WASHINGTON - Japan has changed its auto replacement incentive program to give U.S. cars more chance to qualify after the United States complained its automakers were shut out, the Japanese government said on Tuesday.

President Barack Obama's administration welcomed the move, which also prompted a senior U.S. lawmaker from the hard-hit auto state of Michigan to postpone a hearing on barriers U.S. automakers face in Japan and South Korea.

I welcome the news ... that Japan is going to drop the complete exclusion of U.S. automobiles from their Cash for Clunkers program, said Sander Levin, chairman of the House of Representatives Ways and Means trade subcommittee.

But the problem of their closed market requires our vigorous and renewed focus, as increased exports must be part of our economic recovery and job creation efforts, Levin said, adding the hearing originally set for Thursday would be rescheduled to give lawmakers more time to prepare.

U.S. Trade Representative Ron Kirk said Japan agreed to open its program, but U.S. officials were still evaluating details of the announcement to ensure it meets the concerns my office has been raising with Japan since last fall.

Japan, in a statement from its embassy in Washington, said cars imported under a preferential handling procedure (PHP) established in 1986 for U.S. automakers would be able to participate in a Japanese program to subsidize purchases of more fuel-efficient vehicles.

U.S. automakers had complained their cars would not qualify for the subsidy, even though the cash for clunkers program created by Congress last year was open to all imported cars.

Japanese autos accounted for almost half of the 677,842 vehicles sold under the $3 billion U.S. auto purchase incentive program, which ran late July to late August. Many of the Japanese cars were made at U.S. plants.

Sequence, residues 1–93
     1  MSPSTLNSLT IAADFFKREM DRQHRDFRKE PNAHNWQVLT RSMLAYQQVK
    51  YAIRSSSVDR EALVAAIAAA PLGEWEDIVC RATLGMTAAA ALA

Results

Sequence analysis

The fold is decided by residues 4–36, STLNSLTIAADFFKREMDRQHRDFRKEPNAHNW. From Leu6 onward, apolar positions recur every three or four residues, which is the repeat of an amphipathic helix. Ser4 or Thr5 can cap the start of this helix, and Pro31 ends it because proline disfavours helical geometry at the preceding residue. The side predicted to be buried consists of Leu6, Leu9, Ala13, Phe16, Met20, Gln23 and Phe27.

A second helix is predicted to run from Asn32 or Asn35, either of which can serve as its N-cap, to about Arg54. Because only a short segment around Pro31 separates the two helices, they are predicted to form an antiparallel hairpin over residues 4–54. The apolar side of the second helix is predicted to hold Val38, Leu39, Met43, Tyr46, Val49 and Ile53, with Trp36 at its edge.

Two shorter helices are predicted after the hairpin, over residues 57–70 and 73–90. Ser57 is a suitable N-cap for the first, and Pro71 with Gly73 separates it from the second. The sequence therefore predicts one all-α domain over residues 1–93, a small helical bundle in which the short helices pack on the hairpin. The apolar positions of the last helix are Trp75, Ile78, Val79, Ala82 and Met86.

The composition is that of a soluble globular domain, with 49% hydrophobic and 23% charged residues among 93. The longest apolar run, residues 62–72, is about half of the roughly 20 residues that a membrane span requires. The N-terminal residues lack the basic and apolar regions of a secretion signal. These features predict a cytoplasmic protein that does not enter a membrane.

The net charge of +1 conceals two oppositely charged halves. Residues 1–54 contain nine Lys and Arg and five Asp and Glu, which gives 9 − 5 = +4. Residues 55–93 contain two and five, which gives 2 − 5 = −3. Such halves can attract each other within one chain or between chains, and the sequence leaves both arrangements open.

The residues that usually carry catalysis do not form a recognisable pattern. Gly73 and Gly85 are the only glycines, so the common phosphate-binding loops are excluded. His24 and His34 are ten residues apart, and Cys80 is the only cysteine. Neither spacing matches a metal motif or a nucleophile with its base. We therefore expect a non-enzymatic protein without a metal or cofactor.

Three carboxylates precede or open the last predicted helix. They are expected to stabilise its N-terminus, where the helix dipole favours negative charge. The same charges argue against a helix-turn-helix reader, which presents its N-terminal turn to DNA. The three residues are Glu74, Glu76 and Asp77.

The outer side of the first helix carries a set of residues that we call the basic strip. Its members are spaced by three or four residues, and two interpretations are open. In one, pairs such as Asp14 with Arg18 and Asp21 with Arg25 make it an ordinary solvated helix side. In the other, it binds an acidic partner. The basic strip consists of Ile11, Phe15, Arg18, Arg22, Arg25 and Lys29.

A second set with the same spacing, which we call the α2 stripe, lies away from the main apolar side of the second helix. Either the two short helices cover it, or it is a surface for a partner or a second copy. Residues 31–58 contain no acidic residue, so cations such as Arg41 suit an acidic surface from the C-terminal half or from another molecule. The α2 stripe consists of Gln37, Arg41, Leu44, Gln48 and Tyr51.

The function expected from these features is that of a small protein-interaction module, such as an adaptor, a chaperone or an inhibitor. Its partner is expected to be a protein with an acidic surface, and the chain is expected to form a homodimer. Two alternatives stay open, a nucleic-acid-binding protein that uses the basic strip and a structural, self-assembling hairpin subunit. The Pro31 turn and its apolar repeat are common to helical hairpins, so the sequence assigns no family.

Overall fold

Representative Betty Sutton and many other Midwestern lawmakers complained that Japan's program was tilted against U.S. cars and urged Kirk's office to file a World Trade Organization complaint unless Tokyo opened it up.

U.S. automakers General Motors GM.UL, Ford Motor Co (F.N) and Chrysler also wrote to Kirk in December to complain about Japan's program.

The problem arose because cars imported under the PHP program face less testing in Japan than other cars, a Japanese embassy official said.

Now, U.S. automakers will be able to submit their own fuel economy data to see if their cars are eligible for the Japanese government subsidy.

We're saying, 'Bring your numbers and we're going to take a look at them', the embassy official said.

The huge imbalance in U.S. auto trade with Japan is a longtime irritant that has received more attention recently as the U.S. industry struggles to get back on its feet after severe sales downturn that helped force bankruptcies at GM and Chrysler last year.

The U.S. government owns 60 percent of GM and nearly 10 percent of Chrysler after providing billions in bailout and bankruptcy financing for both.

The United States imported $21.2 billion worth of passenger cars from Japan during the first 11 months of 2009, but exported just $257 million to Japan in the same period.

(Editing by Cynthia Osterman)